The British Empire in India, British Expansion
The English East India Company continued to extend its control over Indian territory throughout the late 18th and early 19th centuries. Treaties made with Indian princes provided for the stationing of British troops within these princely states. To pay for the troops the British were often given revenue-collecting rights in certain parts of the states; this gave them indirect control over these areas. Many of these states were annexed when succession to the throne was in doubt or when the ruler acted in ways that seemed contrary to British interests.
The British made even more significant gains by military means. In the late 1700s they were drawn into a three-way conflict when the nizam of Hyderabad asked for British assistance against his rivals: the Marathas, and Tipu Sahib, the sultan of Mysore. In 1799 the British marched on Seringapatam, Tipu’s capital, and defeated his troops. Tipu was killed defending the city. The British annexed much of Mysore outright; they controlled the remainder through a new sultan they installed. After a series of battles (1775-1782, 1803-1805, 1817-1818) with the Marathas, the British also succeeded in bringing Maratha lands under their control.
In 1773 the British Parliament passed the Regulating Act, the first of a series of acts that gave British governors greater control over the English East India Company. Under the Regulating Act the company was still permitted to continue handling all trading matters and to have its own troops, but its activity was now supervised by parliament. The act also established the post of governor-general of India and made the holder of the office directly responsible to the British government. Warren Hastings became the first governor-general of India in 1774.
The British proceeded to make major changes in the administration of their realm. The three presidencies (administrative districts)—Bengal, Bombay, and Madras—adopted different systems of fixing responsibility for the payment of land taxes. In Bengal, the local landed gentry accepted responsibility for a fixed amount of taxes in return for ownership of large estates. Under this arrangement the British did not share in the gains of any potential improvements in agricultural productivity. By contrast, in Madras and Bombay, peasant cultivators paid annual taxes directly to the government. The tax rate could be adjusted at fixed intervals, so in this case the British could reap the benefits of agricultural expansion. A civil service system was developed that admitted British officers through a merit examination, trained them in an administrative college, and paid them handsomely to reduce corruption. Meanwhile, the development of the textile industry in Britain forced a transformation of India’s economy: India had to produce raw cotton for export and buy manufactured goods—including cloth—from England, while the cottage industries that produced textiles in India were ruined.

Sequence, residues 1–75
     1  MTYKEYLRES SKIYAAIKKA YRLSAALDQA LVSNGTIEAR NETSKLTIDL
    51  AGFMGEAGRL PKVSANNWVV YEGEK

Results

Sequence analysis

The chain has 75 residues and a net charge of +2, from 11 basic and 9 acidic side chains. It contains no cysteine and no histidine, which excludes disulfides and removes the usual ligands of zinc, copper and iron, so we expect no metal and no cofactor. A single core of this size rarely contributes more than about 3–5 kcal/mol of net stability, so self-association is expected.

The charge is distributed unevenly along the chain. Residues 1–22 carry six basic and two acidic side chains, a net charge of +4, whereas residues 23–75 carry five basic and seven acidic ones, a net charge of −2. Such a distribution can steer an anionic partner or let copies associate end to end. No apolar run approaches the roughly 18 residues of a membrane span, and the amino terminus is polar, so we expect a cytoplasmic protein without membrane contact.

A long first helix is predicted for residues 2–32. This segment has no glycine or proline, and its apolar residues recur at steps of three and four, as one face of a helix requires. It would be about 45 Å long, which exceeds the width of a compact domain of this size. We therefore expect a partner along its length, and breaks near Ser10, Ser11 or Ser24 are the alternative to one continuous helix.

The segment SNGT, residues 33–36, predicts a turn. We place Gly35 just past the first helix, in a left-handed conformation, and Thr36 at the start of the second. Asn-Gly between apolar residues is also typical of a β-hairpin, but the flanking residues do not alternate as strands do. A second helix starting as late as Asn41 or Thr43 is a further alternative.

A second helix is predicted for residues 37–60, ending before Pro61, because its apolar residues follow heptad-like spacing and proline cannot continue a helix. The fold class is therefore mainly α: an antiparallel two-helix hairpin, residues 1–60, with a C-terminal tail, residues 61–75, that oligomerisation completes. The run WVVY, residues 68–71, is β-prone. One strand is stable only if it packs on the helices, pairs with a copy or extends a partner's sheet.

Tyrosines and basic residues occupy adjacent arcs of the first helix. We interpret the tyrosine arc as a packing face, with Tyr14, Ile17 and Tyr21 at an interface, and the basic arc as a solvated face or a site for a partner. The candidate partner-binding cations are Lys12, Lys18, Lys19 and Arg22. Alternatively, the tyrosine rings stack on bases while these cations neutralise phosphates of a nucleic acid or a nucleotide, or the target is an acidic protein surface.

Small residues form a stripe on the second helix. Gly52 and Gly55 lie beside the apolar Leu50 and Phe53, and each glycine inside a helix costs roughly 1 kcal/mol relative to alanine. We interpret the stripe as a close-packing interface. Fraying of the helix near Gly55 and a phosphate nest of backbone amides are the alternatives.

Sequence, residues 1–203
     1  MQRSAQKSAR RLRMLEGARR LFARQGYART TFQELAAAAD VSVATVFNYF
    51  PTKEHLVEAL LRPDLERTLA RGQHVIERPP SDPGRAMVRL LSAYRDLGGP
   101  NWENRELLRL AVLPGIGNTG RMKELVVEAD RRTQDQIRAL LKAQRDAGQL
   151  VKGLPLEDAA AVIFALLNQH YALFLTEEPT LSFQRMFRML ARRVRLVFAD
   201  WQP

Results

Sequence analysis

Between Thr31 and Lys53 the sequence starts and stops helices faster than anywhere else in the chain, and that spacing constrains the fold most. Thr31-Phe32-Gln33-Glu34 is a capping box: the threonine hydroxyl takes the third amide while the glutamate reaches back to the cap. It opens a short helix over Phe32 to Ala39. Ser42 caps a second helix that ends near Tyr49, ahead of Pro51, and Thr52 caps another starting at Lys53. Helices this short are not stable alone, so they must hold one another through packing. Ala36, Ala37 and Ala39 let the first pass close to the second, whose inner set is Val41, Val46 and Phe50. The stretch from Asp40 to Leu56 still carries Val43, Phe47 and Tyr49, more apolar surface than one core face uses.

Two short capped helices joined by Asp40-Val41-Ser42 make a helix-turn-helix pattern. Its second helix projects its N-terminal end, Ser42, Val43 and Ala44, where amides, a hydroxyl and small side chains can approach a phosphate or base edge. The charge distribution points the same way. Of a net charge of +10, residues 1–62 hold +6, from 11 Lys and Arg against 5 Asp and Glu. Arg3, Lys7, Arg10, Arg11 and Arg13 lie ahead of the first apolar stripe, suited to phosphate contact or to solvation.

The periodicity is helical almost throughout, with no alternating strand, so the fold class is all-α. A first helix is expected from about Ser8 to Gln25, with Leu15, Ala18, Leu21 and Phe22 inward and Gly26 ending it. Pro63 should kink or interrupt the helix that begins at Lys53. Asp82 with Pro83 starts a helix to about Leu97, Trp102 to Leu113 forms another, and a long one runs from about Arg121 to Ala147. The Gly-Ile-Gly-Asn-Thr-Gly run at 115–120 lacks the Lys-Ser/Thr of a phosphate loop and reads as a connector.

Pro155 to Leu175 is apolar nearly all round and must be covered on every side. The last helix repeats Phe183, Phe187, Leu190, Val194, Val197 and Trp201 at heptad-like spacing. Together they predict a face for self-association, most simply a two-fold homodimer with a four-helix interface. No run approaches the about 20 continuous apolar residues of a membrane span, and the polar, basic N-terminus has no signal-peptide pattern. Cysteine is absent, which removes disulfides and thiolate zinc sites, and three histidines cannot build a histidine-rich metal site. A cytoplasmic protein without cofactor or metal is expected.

At the same time British attitudes about Indian culture changed. Until about 1800 the East India Company traders adapted themselves to the country, donning Indian dress, learning Sanskrit, and sometimes taking Indian mistresses. As British rule strengthened, and as an influential evangelical Christian movement emerged in the early 19th century, India’s customs were judged more harshly. Missionaries, who had been kept out by the company for fear they would upset Indians and thus disrupt commerce, were now brought in. Laws were passed to abolish Indian customs such as suttee (the immolation of a widow on her husband’s funeral pyre). The 18th-century company officers, such as Sir William Jones, a scholar of Sanskrit who discovered the relationship of Indo-European languages, were replaced by British subjects who felt Indian thought and literature was of virtually no value. In 1835 English was enforced as the language of government.
Under the leadership of Governor-General James Andrew Broun Ramsay, 10th earl of Dalhousie, the empire continued to expand. After two wars with the Sikhs, the Sikh state of Punjab was added in 1849. Governor-General Dalhousie also annexed Satara, Jaipur, Sambalpur, Jhansi, and Nagpur on the death of their native rulers, taking advantage of a British doctrine that declared Britain’s right to govern any Indian state where there was no natural heir to the throne. The absorption of Oudh, long under Britain’s indirect control, was the last major piece added to the company’s possessions; it was annexed in 1856. Dalhousie’s tenure was also marked by various improvements and reforms: the construction of railroads, bridges, roads, and irrigation systems; the establishment of telegraph and postal services, and restrictions on slave trading and other ancient practices. These innovations and reforms, however, aroused little enthusiasm among Indian people, many of whom regarded the modernization of their country with both fear and mistrust.
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